MYTH: Cajun dishes all use the same roux.
A roux is a combination of fat and flour used to thicken sauces, but not all roux are the same -- especially in Cajun cooking. A traditional French roux is a combo of butter and flour, but Cajuns use different oils and fats to make particular roux for particular dishes. For example, Folse makes a dark brown roux with vegetable oil for his traditional Cajun dishes, like smoked duck gumbo. That dark roux is hearty enough to stand up to the smoky flavors of the duck. But for a seafood gumbo, you need a lighter roux, one the color of a paper bag, to compliment the fish without overpowering the flavors. Some of his roux call for animal fat, bacon, butter, lard, or even peanut oil, depending on the dish, to result in different flavors. All of this Folse learned from his father, as part of cooking traditions passed down in his family: “We went to culinary school all our lives, taught by our grandmothers and grandfathers.”
TRUTH: Cajuns will eat anything that doesn’t eat them first.
When a group of executives and journalists came to Folse for an authentic Cajun dinner at his home last year, he wanted to give them a true taste of what his family ate growing up. So, he called his brother to see if had any raccoon in his freezer, then smoked it for hours, low and slow, in a traditional gumbo. “If it crawled, if it swam, or if it flew, it was in trouble in Cajun country,” Folse says of Cajun dishes, which feature everything from wild boar to alligator. His family would also take egg sacs out of the fish they caught and fry them with lard for breakfast. His restaurants now feature a “Cajun caviar” with eggs from the choupique (aka bowfin or mudfish), which was historically considered a “trash” fish, featured on top of a fancy yellowfin tuna crudo.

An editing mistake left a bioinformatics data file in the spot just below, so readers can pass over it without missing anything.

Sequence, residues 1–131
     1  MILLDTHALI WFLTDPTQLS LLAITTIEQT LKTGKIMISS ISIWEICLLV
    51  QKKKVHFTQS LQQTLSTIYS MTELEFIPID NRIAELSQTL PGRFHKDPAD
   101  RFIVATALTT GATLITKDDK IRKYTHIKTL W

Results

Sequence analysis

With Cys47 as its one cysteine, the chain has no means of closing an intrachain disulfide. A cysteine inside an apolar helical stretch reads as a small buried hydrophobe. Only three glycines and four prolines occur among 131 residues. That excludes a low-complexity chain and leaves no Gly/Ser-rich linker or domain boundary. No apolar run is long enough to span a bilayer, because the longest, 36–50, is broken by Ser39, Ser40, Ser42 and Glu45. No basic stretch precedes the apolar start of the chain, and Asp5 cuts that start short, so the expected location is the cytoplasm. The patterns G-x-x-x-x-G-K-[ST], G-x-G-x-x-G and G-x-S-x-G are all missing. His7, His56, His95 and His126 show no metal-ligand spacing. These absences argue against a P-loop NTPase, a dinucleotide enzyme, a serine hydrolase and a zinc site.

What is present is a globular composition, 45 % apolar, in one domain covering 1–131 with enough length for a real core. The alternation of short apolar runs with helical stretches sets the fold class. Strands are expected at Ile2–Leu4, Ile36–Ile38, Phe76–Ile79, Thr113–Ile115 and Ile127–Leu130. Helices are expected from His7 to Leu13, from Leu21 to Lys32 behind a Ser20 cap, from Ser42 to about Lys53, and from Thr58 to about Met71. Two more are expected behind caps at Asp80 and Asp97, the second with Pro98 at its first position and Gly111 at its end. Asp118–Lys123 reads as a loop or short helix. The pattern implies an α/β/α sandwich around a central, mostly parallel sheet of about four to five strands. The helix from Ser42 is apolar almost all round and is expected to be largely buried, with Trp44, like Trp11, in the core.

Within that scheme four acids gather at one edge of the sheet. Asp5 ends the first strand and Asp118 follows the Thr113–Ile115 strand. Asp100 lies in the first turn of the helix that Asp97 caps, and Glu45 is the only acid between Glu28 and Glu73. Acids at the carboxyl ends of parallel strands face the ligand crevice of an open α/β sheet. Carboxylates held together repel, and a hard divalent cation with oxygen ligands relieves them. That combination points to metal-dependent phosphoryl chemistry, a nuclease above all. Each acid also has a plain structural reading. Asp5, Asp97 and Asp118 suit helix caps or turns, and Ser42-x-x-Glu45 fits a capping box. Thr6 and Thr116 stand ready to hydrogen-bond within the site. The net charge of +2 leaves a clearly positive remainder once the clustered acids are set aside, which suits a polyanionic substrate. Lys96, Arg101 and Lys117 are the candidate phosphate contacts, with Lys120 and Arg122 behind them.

“If it crawled, if it swam, or if it flew, it was in trouble in Cajun country.”
MYTH: Gumbo is an all-encompassing word for Cajun stews and soups.
Because this most traditional dish has seemingly endless varieties, you may be tempted to call any slightly soupy bowl in Louisiana a “gumbo.” You’d be wrong. First, if there’s rice in the dish rather than alongside it, it’s not a gumbo, it’s probably jambalaya, which is the Cajun variation of a paella. A Cajun sauce piquant is a spicy, thick stew also served over rice, but unlike gumbo, it’s made with Spanish peppers to bring the heat. Cajuns also have their own version of French etouffees (meaning to cover or smother). This dish is also spicy, but is made with a blonde roux, making it thicker and perfect for seafood, like crawfish, and is heavy enough to be a main dish.
TRUTH: Cajuns have their own wine varieties, and even spirits.
There’s a reason why New Orleans is home to Mardi Gras: the people there don’t just know how to mix & shake drinks at a party, a lot of them can even ferment their own. When Cajuns first made their way to Louisiana, getting a hold of a bottle of wine for dinner wasn’t as simple as heading to a liquor store. Instead, they used the fruits that grew in the swampland to make their own varieties, like muscadine wine, which is made from a Louisiana muscadine grape variety. They also are known for making a “cherry bounce” -- a spirit made from fermented tart cherries, usually served around the holidays. “Ratifias” or a blend of fruit and brandy, are also popular at a Louisiana table. A ratifia with camelia and persimmon is on the cocktail menu at Bar R’evolution -- drink a few and you will no doubt learn what it’s like to be misunderstood.